• 1. Avoidance of or efforts to avoid distressing memories, thoughts, feelings, or conversations about or closely associated with the traumatic event(s).
    2. Avoidance of or efforts to avoid external reminders (people, places, conversations, activities, objects, as well as situations) that arouse distressing memories, thoughts, or feelings about or closely associated with the traumatic event(s).
    3. Inability to recall an important aspect of the trauma
    4. Markedly diminished interest or participation in significant activities
    5. Feeling of detachment or estrangement from others
    6. Restricted range of affect (e.g., unable to have loving feelings)
    7. Sense of a foreshortened future (e.g., does not expect to have a career, marriage, children, or a normal life span)

D. Negative alterations in cognitions and mood associated with the traumatic event(s), beginning or worsening after the traumatic event(s) occurred, as evidenced by two (or more) of the following:

  • 1. Inability to remember an important aspect of the traumatic event(s) (typically due to dissociative amnesia and not to other factors such as head injury, alcohol, or drugs).
    2. Persistent and exaggerated negative beliefs or expectations about oneself, others, or the world (e.g., “I am bad,” “no one can be trusted,” “the world is completely dangerous,” “My whole nervous system is permanently ruined”).
    3. Persistent distorted cognitions about the cause or consequences of the traumatic event(s) that lead thE individual to blame himself/herself or others.
    4. Persistent negative emotional state (e.g., fear, horror, anger, guilt, or shame).
    5. Markedly diminished interest or participation in significant activities.
    6. Feelings of detachment or estrangement from others.
    7. Persistent inability to experience positive emotions (e.g., inability to experience happiness, satisfaction, or loving feelings).

E. Duration of the disturbance (Criteria B, C, D and E) is more than one month.

F. However, the disturbance causes clinically significant distress or impairment in social, occupational, or other important areas of functioning.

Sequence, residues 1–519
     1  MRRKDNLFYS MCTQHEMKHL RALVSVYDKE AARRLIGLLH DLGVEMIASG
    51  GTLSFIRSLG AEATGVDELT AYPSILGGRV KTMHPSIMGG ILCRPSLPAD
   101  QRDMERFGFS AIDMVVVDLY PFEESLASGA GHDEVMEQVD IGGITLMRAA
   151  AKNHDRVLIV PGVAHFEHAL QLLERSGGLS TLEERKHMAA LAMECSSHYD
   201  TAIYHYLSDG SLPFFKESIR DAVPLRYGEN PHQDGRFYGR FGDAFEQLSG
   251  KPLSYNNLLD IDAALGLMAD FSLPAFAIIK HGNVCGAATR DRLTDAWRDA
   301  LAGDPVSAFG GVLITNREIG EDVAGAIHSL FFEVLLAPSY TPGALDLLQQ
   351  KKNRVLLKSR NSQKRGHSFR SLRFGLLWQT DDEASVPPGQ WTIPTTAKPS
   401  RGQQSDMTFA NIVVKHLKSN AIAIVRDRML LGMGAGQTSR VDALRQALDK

Specify if:
With delayed expression: If the diagnostic threshold is not exceeded until at least 6 months after the event (although it is understood that onset and expression of some symptoms may be immediate).
Specify if:
With Dissociative Symptoms: The individual’s symptoms meet the criteria for posttraumatic stress disorder, and in addition, in response to the stressor, the individual experiences persistent or recurrent symptoms of depersonalization or derealization.


PTSD is the one disorder for which we know the cause at least in terms of the precipitating event: someone personally experiences a trauma and develops a disorder. Whether or not a person develops PTSD, however, is a surprisingly complex issue involving biological, psychological, and social factors.

Children experiencing severe burns are likely to develop PTSD in proportion to the severity of the burns as well as the pain associated with them.

As with other disorders, we bring our own generalized biological and psychological vulnerabilities with us. The greater the vulnerability, the more likely we are to develop PTSD. If certain characteristics run in your family, you have a much greater chance of developing the disorder. Moreover, a family history of anxiety suggests a generalized biological vulnerability for PTSD.

individuals that characteristics such as a tendency to be anxious, as well as factors such as minimal education, predict exposure to traumatic events in the first place and therefore an increased risk for PTSD.

6-year-old children with externalizing (acting out) problems were more likely to encounter trauma (such as assaults), probably because of their acting out, and later develop PTSD.

However, individuals from unstable families are at increased risk for developing PTSD if they experience trauma. Family instability was found to be a pre-war risk factor for the development of PTSD.

Treatment for PTSD.

From the psychological point of view, most clinicians agree that victims of PTSD should face the original trauma, process the intense emotions, and develop effective coping procedures in order to overcome the debilitating effects of the disorder.

In psychoanalytic therapy, reliving emotional trauma to relieve emotional suffering is called catharsis. The trick is in arranging the re-exposure so that it will be therapeutic rather than traumatic.

Imaginal exposure, in which the content of the trauma and the emotions associated with it are worked through systematically. And also has been used for decades under a variety of names. At present, the most common strategy to achieve this purpose with adolescents or adults is to work with the victim to develop a narrative of the traumatic experience that is then reviewed extensively in therapy. Cognitive therapy to correct negative assumptions about the trauma. Such as blaming oneself in some way, feeling guilty, or both is often part of treatment.


David H. Barlow, V. Mark Durand. Abnormal Psychology, An Integrative Approach. (7th ed).